Antispasmodics, the means of removing spasm. Spasm or cramp occurs in muscular structures, and is caused by irritation of the nerves. Spasm consists in an irregular and sometimes excessive action of a group of muscles, or a single muscle, or some particular fibres only of a muscle; and various names are applied to spasms of the different muscles or sets of muscles. The conditions giving rise to spasm are various, and affect one or more parts of the nervous circuit, which may be conceived to consist of an afferent or sensitive fibre conveying sensitive impressions to a nervous centre, the latter transforming them into motor impulses, which, passing out by an efferent or motor fibre to a muscle, stimulates it to contraction. When these contractions take place irregularly, or in a degree disproportionate to the stimuli giving rise to them, or when they arise from stimuli which should not normally occasion them, and more especially when they take place unconsciously or involuntarily, they become spasms. They often arise from organic disease of the nervous centres, as in inflammation of the brain or spinal cord, or their membranes, from tumors and haemorrhages, as possibly in chorea or St. Vitus's dance.

A poisoning of the centres by abnormal constituents of the blood, as in Bright's disease, also gives rise to them. The nervous centres, especially the spmal cord and medulla oblongata, and the sensitive nerves, may become too sensitive, as in tetanus or lockjaw, poisoning by strychnia, and epilepsy. Other forms of spasm are due to special local irritations, as colic to improper food, uterine colic to the introduction of fluids into the uterus for therapeutic purposes, asthma to certain states of the atmosphere, cramps of the feet and legs to cold or constrained positions. In treating these various affections, various drugs may be used, which so far deserve the name of antispasmodics. Heat often relieves many spasms, as colic, cramps of the legs and feet, and the general convulsions of children from intestinal irritation, and may be applied in the form of hot baths or hot fomentations. Abnormal excitability of the spinal cord and medulla oblongata is diminished by bromide of potassium, which does excellent service in epilepsy, and sometimes by belladonna. The newly discovered hydrate of chloral has also the same property. Opium relieves the intense pains of uterine or other colic, and relaxes spasmodically contracted intestinal or uterine fibres.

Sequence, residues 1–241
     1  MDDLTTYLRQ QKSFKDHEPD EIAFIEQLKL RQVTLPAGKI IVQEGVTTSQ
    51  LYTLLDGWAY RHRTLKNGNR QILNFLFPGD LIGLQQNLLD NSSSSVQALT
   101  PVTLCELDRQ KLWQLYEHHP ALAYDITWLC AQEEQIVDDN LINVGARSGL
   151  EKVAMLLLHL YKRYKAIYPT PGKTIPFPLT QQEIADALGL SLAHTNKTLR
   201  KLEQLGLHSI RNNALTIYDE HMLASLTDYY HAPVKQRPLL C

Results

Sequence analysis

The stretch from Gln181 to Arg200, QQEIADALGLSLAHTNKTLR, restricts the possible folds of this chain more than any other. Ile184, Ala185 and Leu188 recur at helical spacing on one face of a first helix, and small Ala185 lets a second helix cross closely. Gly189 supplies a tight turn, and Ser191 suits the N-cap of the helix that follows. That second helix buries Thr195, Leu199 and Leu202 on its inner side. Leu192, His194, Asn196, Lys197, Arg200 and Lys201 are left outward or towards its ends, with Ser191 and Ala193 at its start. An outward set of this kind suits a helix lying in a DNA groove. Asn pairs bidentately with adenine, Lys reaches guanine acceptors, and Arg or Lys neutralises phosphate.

Ether and chloroform, inhaled, not only diminish but nearly destroy the activity of the nervous centres; they control all the voluntary muscles, and are the most powerful antispasmodics which can be used in any form of spasmodic disease. Unfortunately, their effect is often temporary. It is possible that the physostigma (Calabar bean) and woorara (South American arrow poison) may be practically used in some convulsive diseases. In organic diseases of the brain and cord, the disease rather than the symptom deserves attention. The substances to which the name antispasmodics in the narrowest sense is applied are used either in the treatment of colic, of some children's diseases, in many hysterical affections, and some others. They are the " volatile oils," such as mint, lavender, etc, derived chiefly from the tribe of plants called labiatœ; cajeput oil, from the myi-taceœ; dill, anise, fennel, etc., from the umbelliferœ - from which tribe also are derived the foetid gum resins, such as asafœtida, galbanum, ammoniac, etc. These, with valerian, myrrh, and camphor, derived from the vegetable kingdom; musk and castoreum, from the animal kingdom; cyanide of iron and the oxides of bismuth and zinc, from the mineral kingdom, are among the most valuable antispasmodics.

In the treatment of hysteria, moral, tonic, hygienic, and sometimes surgical measures are of far greater importance than antispasmodics, which at the most can only temporarily relieve symptoms. - Spasmodic affections may be complicated with inflammation, and in that case they require most careful and somewhat different treatment. They may also occur in debilitated constitutions, or in persons of full habit; and here again the treatment differs. Thus the medicines classed under the head of antispasmodics are of small importance in comparison with a correct diagnosis and an appropriate mode of treatment in each special form of spasmodic affection.